Last week, we had an informal exchange between Palestinian Foreign Minister Mr [Riad] Malki and European Union foreign ministers by video conference. I stressed the importance of re-engaging in a meaningful political dialogue. I also emphasised this to the Israeli Foreign Minister, Gabi Ashkenazi, when we spoke by telephone yesterday.
Last week, we saw the positive news that the Palestinian Authority will resume economic and security cooperation with Israel. We had actively encouraged this as European Union. But, at the same time, the situation on the ground remains very worrying, notably due to continued advancements of illegal settlements construction and a significant spike in demolitions. The recent decision by Israel to open tenders to build a new settlement in Givat Hamatos – the first new settlement in occupied East Jerusalem in twenty years – is of huge concern. Yesterday, in my phone call with Minister [of Foreign Affairs of Israel, Gabi] Ashkenazi, I expressed this concern and our condemnation of this initiative.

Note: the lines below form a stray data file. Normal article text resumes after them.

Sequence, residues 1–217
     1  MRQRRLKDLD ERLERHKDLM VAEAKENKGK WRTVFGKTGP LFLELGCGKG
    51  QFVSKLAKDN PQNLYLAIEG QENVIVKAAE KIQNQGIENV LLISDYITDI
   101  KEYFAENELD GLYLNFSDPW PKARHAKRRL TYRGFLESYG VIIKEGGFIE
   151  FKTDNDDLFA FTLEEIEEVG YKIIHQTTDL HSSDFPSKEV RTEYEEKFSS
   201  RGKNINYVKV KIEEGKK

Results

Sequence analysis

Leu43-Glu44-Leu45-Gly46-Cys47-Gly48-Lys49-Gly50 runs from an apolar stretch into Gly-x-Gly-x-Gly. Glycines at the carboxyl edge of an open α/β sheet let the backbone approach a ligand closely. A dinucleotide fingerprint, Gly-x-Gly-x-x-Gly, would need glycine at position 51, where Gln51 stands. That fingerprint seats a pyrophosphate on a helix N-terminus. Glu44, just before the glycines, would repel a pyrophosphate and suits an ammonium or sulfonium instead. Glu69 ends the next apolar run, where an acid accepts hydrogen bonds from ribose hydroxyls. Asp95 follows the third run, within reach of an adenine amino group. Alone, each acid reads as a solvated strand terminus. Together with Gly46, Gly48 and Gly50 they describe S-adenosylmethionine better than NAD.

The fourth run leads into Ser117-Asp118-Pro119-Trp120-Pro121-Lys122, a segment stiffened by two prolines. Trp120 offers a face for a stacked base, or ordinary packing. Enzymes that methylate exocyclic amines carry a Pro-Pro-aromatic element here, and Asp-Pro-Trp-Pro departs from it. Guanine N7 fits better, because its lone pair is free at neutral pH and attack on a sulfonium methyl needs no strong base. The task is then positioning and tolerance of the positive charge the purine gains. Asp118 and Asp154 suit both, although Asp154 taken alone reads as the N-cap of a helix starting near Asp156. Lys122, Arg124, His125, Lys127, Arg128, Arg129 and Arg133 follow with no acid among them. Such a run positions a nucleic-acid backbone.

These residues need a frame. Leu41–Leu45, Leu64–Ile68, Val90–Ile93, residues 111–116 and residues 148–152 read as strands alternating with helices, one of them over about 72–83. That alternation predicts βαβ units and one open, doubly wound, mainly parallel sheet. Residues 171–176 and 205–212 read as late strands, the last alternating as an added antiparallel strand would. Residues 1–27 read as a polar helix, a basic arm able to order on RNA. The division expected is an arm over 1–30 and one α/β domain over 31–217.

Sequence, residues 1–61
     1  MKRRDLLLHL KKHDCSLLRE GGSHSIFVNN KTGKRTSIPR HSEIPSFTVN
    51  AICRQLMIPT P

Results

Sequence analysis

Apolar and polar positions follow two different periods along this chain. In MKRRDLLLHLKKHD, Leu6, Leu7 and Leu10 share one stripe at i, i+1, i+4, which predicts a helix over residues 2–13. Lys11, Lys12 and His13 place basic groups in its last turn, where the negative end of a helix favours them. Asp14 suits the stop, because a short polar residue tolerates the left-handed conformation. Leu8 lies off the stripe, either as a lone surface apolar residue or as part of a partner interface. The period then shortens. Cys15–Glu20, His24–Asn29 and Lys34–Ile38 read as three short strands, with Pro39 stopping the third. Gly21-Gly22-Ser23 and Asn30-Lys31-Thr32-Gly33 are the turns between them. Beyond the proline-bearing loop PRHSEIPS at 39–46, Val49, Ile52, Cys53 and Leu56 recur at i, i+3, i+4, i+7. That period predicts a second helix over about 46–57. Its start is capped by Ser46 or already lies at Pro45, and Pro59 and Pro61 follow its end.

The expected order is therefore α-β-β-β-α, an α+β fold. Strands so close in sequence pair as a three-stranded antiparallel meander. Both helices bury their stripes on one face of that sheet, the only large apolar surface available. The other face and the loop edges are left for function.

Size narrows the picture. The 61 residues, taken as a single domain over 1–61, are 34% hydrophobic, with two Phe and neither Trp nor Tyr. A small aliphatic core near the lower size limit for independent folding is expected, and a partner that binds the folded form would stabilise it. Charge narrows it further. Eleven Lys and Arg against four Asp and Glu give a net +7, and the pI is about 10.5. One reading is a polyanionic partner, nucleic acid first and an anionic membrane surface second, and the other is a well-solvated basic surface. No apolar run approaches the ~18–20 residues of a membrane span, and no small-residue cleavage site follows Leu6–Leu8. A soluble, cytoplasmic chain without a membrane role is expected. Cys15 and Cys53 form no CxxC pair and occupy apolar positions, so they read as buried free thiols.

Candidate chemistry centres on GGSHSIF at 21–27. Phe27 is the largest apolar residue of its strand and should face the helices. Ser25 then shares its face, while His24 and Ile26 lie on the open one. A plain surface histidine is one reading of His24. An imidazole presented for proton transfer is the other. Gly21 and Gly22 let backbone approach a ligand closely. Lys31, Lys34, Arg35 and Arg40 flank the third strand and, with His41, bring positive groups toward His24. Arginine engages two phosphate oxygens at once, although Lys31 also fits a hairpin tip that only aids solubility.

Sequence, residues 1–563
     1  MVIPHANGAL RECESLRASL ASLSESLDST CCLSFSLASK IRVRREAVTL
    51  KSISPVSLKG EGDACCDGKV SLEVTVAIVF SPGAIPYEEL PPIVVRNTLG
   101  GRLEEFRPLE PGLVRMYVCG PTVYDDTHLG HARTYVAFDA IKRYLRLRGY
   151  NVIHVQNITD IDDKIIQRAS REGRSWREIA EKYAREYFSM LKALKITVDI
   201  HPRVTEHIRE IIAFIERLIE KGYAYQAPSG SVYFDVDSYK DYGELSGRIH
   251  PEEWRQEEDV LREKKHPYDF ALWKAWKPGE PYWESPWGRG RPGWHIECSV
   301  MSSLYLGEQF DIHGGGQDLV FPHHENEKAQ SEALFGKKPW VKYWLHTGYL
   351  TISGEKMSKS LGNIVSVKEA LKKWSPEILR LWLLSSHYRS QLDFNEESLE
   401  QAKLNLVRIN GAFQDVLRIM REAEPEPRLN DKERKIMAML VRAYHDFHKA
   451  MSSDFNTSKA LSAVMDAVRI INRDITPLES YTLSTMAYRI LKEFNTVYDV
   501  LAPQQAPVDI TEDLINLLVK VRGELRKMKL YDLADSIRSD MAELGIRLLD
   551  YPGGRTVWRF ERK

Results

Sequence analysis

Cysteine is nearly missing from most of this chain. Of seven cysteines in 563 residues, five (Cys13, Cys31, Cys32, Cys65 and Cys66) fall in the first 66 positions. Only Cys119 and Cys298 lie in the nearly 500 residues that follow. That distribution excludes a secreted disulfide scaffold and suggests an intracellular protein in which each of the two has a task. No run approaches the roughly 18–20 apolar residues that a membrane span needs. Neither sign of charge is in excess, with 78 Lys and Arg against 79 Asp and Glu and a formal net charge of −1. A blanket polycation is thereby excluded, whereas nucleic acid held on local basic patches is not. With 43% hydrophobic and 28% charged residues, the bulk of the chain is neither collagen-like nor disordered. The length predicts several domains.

We must work urgently to find a way to rebuild trust and confidence between the two parties. We must avoid unilateral actions that undermine peace efforts.
For that, the relaunch of negotiations remains essential. We will therefore continue to work with members of the international community, including - I hope - a new administration in Washington, to uphold international law, to end the conflict and to ensure equal rights for all. Only by working together will we be able to end the current dynamic of perpetual confrontation and mistrust.
Thank you Madame President, thank you Honourable Members.
Link to the video: https://audiovisual.ec.europa.eu/en/video/I-198431
Thank you President, thank you to all of you for this exchange of views.
You know, this complex reality can be perceived in different approaches, but for the European Union the normalisation of relations between Israel and the countries of the region is, all in all, a welcomed development that represents a positive [sign of] hope for the future.